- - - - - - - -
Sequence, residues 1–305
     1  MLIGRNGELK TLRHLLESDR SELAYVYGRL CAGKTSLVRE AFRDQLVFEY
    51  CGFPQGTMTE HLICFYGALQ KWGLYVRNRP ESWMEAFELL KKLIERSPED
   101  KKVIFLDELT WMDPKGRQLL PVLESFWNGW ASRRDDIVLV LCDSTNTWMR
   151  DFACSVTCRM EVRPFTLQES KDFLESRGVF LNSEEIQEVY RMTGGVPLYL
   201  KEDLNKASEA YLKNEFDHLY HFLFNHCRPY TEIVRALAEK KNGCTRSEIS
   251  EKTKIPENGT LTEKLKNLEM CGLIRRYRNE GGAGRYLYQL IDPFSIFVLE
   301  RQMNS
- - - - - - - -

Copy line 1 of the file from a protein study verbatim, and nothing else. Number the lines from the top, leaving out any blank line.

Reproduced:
Sequence, residues 1–305